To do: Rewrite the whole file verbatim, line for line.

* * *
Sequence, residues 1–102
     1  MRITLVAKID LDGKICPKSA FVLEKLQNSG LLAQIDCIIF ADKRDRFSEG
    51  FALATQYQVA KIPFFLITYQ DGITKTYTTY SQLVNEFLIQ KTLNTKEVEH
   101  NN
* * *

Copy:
Sequence, residues 1–102
     1  MRITLVAKID LDGKICPKSA FVLEKLQNSG LLAQIDCIIF ADKRDRFSEG
    51  FALATQYQVA KIPFFLITYQ DGITKTYTTY SQLVNEFLIQ KTLNTKEVEH
   101  NN